Academic journal article Journal of Comparative Family Studies

Dowry-Related Violence: A Content Analysis of News in Selected Newspapers

Academic journal article Journal of Comparative Family Studies

Dowry-Related Violence: A Content Analysis of News in Selected Newspapers

Article excerpt

In the past 15 years, women's issues, such as dowry death, rape, and sari(1) have begun to attract media attention, largely due to the growth of the contemporary women's movement in India (Joseph and Sharma, 1991). Married women are reported to be emotionally abused, physically tortured, murdered, or driven to commit suicide because of persistent demands for dowry. Captions such as "Why dowry spells death,"(2) "Dowry death: husband, mother-in-law jailed,"(3) "Mother-in-law charged with dowry murder,"(4) "In-laws held for dowry death,"(5) or "Life term for 3 in dowry death case,"(6) are becoming increasingly common, and a cause for concern among academicians, social workers, and politicians alike.

Estimates about dowry deaths provided by the Ministry of Home Affairs of the Parliament(7) can be of some help in assessing the severity of the problem in India. According to these sources, 4,215 dowry deaths were reported in 1989, whereas the estimate was 4,836 and 4,656 for the years 1990 and 1991 respectively. With regards to the incidence of dowry deaths, the recording of which began only in 1988, dowry was reported as the chief motive in 5.6% and 6.9% of the cases of murder and culpable homicide in the years 1988 and 1990 respectively (National Crime Records Bureau, 1991).

This paper will review studies of family violence and wife abuse, both in India and in the West. Further, the paper will identify theoretical perspectives to understand the factors associated with dowry violence and analyze the content of the dowry-related news stories.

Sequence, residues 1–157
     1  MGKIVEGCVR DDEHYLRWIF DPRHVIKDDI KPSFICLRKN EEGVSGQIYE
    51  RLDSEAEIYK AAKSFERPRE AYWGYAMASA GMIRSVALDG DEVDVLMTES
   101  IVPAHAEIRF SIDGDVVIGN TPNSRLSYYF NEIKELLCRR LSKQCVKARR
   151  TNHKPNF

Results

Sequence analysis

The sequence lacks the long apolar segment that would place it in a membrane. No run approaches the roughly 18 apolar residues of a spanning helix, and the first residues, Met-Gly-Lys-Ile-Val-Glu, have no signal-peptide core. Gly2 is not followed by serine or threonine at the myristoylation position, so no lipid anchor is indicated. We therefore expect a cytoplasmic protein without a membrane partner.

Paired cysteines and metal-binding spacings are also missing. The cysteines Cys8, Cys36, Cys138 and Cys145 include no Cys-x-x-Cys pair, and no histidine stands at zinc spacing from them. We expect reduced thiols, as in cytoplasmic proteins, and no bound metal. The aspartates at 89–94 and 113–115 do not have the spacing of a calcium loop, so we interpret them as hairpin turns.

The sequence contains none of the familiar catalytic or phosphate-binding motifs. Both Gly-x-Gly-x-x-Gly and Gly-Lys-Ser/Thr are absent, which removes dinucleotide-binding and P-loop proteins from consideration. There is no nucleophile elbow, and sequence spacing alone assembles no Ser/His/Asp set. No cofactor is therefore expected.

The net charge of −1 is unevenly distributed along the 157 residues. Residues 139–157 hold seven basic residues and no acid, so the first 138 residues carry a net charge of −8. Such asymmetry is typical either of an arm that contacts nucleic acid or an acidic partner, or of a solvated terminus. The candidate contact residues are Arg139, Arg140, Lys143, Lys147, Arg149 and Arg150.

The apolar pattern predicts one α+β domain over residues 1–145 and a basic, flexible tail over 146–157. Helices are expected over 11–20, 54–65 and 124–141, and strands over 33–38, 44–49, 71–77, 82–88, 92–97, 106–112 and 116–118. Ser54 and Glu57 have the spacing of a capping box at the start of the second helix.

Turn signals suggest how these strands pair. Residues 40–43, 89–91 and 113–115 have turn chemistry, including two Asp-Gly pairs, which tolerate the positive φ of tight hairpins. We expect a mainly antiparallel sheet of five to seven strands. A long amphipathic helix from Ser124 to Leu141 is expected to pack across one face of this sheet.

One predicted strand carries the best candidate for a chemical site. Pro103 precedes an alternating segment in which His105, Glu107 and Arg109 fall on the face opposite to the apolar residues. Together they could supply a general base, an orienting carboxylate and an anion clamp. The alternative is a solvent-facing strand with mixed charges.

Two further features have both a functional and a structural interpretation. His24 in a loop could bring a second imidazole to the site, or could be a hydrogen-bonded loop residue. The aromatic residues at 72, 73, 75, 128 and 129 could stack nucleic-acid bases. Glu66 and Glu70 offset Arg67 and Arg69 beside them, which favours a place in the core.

In India, research on family violence took root during the 1980s, and to date, very few studies have been published on violence against women. Two major cross-cultural studies (Tellis-Nayak and Donoghue, 1982; Kumagai and Straus, 1983) dealt with an urban middle class sample, with a focus on marital violence and conjugal authority structures in different cultural settings including India. Two Indian studies (Mohammad, 1984; Sinha, 1989) found a correlation between lower socio-economic conditions and wife beating. Further, Sinha (1989) suggested that low self-esteem, gender inequality, and wife's economic dependency on her husband were associated with spouse abuse. However, studies focusing on questions such as incidence and the consequences of violence against women are not available in India.

One finds the emergence of two major theoretical perspectives in the West to explain family violence and wife abuse. According to the first perspective, the patriarchal social and cultural milieu that conditions the structural and ideological roles of men and women is the cause (Marsden, 1978:116-118; Dobash and Dobash, 1979; Yllo, 1983). A few Indian scholars also subscribe to this theoretical framework (Pathy, 1987; Nanda and Mangalagiri, 1985 ; Paul, 1985). The other perspective attributes violence in the home to social-structural stress exposure to violence during childhood, and to macro-level factors, such as cultural attitudes and norms about violence and gender relations (Goode, 1971; Roy, 1977; Straus, Gelles, and Steinmetz, 1980; Gelles, 1987; Greenblat, 1983).

More specifically, theories of spouse abuse touch upon such causal factors as exposure to violence during childhood, low socio-economic status, social stress, social-isolation, low community embeddedness of the family, personality problems, and psychopathology (Gelles and Straus, 1979; Straus, 1989; Gelles, 1987; Herzberger, 1989; Prescott and Letko, 1977; Star, 1980; Voiland and Buell, 1980; Gelles, 1974).

The theoretical approaches relevant to the present discussion are: resource theory, exchange/social control theory, structural-stress theory, and Straus' behaviorist systems model. Resource theory (Goode, 1971) proposes that a person, usually the man, with more resources at his command, plays the dominant role in the family. Conversely, a husband with limited resources at his command resorts to violence to compensate for his loss of dominant position. …

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